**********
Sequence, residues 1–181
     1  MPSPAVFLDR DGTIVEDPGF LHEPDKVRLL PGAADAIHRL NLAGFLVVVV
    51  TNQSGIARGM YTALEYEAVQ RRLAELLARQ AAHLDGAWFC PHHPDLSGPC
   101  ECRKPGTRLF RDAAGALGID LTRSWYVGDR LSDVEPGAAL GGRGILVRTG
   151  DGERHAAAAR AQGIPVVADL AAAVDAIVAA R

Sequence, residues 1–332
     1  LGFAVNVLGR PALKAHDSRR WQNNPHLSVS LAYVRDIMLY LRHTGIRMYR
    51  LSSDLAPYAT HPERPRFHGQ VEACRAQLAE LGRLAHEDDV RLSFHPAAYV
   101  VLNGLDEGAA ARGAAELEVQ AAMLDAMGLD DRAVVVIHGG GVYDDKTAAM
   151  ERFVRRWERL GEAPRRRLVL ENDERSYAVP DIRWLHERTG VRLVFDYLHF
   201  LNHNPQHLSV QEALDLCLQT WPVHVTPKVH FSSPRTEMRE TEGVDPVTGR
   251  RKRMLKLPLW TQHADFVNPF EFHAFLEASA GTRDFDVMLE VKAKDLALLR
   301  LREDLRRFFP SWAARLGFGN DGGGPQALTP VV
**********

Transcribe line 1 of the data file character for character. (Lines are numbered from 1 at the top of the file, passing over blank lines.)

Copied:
Sequence, residues 1–181